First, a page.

New Young Pony Club
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||Lost a Girl||New Young Pony Club||4:22||£0.99||View in iTunes|
||Chaos||New Young Pony Club||3:38||£0.99||View in iTunes|
||The Optimist||New Young Pony Club||5:33||£0.99||View in iTunes|
||Stone||New Young Pony Club||4:10||£0.99||View in iTunes|
||We Want to||New Young Pony Club||4:42||£0.99||View in iTunes|
||Dolls||New Young Pony Club||3:16||£0.99||View in iTunes|
||Before the Light||New Young Pony Club||5:27||£0.99||View in iTunes|
||Oh Cherie||New Young Pony Club||5:03||£0.99||View in iTunes|
||Rapture||New Young Pony Club||4:23||£0.99||View in iTunes|
||Architect of Love||New Young Pony Club||4:43||£0.99||View in iTunes|
||Chaos (South Wales Swamp Mix)||New Young Pony Club||3:34||Album Only||View in iTunes|
|12||VideoChaos||New Young Pony Club||3:17||£1.89||View in iTunes|
|13||VideoLost a Girl||New Young Pony Club||4:22||£1.89||View in iTunes|
By the time New Young Pony Club’s second album, The Optimist, finally hit retailers in 2010, some pretty drastic changes had occurred. The band was no longer with Modular Records, it was basically down to a duo of vocalist Tahita Bulmer and multi-instrumentalist Andy Spence (though drummer Sarah Jones and keyboardist Lou Hayter do make cameo appearances), and most importantly, the adolescent swagger and goofiness of early songs like "Ice Cream" and "Jerk Me" had been replaced with a more subdued and adult feel. There is still plenty of spunk and snarl in Bulmer’s vocals, lots of angular funk in the rhythms, and more than enough hooks to go around, only this time there is a slick, studio-generated sheen on top of everything. Instead of the ESG influence that permeated Fantastic Playroom, perhaps a better reference this time would be Altered Images. And while they still channel Gang of Four at times, it’s more like late-period Gang of Four. This kind of retrenchment quite often spells doom for a band, with a tragically blanding out of its sound, removing the vital heart and inspiration that made it worth listening to in the first place. While a few NYPC fans who really loved "Ice Cream" might find The Optimist too smooth and a little studied at times, most people who hear the record will be won over by the high quality of the songs, Bulmer’s still captivating persona, and the tracks that have some of Fantastic Playroom’s dancefloor drive (like “We Want To” and “Chaos”) and sass (“Lost a Girl”). NYPC's surprisingly light touch on the couple of ballads (“Stone,” “Architect of Love”) they drop in the mix is also a strong selling point, and shows a level of depth that was missing in the past. It might have been nice if some of the wobbly giddiness of their previous work had transferred over to The Optimist, but it’s clear that the band is a different entity now, with a slightly darker outlook on life. They could have totally botched the transition from happy party kids to grownups; instead, they managed the switch quite masterfully. The Optimist won’t make anyone forget Fantastic Playroom, but it does work as a nice complement and shows that the group may have some staying power.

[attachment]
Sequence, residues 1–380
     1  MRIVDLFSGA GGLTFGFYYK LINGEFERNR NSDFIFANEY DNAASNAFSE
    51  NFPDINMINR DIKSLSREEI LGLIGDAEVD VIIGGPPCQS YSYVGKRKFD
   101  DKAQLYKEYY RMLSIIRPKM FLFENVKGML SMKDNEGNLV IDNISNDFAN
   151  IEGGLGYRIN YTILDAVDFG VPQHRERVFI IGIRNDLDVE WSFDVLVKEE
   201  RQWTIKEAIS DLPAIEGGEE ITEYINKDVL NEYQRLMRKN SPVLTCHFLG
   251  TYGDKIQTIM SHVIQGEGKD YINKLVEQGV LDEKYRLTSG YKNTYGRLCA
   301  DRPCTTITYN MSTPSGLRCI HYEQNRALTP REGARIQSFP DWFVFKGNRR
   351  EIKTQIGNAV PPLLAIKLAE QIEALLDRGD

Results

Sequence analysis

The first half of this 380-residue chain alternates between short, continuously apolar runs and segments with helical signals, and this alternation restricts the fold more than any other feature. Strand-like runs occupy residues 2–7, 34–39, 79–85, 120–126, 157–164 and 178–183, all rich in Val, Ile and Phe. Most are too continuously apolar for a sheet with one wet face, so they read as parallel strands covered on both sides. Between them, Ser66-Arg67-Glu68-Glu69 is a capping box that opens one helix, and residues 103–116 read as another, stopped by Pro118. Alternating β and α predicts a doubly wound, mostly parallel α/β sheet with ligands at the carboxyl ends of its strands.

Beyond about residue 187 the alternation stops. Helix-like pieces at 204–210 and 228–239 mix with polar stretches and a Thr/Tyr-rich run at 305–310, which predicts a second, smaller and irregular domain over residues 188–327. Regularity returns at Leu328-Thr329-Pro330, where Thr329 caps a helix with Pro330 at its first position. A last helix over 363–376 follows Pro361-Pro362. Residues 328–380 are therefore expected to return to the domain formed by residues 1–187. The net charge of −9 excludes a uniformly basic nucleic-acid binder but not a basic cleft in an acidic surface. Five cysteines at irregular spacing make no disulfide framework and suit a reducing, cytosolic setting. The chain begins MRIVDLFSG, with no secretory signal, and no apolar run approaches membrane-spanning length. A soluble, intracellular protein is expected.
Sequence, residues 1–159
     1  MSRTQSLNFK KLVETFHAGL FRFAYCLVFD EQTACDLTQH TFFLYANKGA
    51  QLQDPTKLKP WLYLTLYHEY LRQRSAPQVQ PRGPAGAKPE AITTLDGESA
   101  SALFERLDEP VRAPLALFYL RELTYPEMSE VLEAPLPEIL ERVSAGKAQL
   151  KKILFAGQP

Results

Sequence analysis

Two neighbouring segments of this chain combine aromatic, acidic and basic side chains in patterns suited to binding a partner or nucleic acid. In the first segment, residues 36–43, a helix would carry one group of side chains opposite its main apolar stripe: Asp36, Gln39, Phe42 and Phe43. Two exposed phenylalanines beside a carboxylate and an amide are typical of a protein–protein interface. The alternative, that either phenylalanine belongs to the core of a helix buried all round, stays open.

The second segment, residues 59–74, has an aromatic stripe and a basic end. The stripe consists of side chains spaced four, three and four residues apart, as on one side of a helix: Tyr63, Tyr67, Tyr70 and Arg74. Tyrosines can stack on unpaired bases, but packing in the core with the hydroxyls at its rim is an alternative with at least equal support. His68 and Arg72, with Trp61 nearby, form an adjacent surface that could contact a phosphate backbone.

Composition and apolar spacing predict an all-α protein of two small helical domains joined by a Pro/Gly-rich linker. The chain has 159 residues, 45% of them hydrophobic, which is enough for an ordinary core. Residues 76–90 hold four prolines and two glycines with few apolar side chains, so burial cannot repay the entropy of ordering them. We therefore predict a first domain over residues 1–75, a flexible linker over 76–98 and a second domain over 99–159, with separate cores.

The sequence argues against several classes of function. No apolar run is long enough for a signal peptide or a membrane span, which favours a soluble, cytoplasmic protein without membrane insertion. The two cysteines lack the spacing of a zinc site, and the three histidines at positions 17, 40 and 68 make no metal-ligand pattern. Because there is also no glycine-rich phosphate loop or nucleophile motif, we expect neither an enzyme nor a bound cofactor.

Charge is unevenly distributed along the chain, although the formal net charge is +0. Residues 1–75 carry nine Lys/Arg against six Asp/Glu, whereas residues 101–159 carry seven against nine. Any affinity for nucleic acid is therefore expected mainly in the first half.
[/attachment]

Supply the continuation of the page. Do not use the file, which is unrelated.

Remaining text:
An excellent album!! Great follow up to Fantastic Playroom, I espically like We Want To!! Worth £7.99 with the two videos aswell!!
This album is very good, alot of the tracks are excellent, the production values of the album is very much up there with the best of them! It is abit of a hidden gem we have here, and i sort of like that!
To highlight a track "Lost a girl" is a brilliant Album opener, it is very pacey with a great catchy vocal going on.
Alot of the Tracks are brilliant, very much worth buying and spreading the word!
Really love this album, such a huge huge leap forward from their first album! Every song has so much more depth and musical variety than their first album. The tunes are so catchy too, chaos swamp mix is stunning, architect of love is really soulful and the others are class too. Hopefully this album might finally break them into the proper mainstream where they deserve to be. Buy it!
Formed: 2004 in London, England
Years Active: '00s, '10s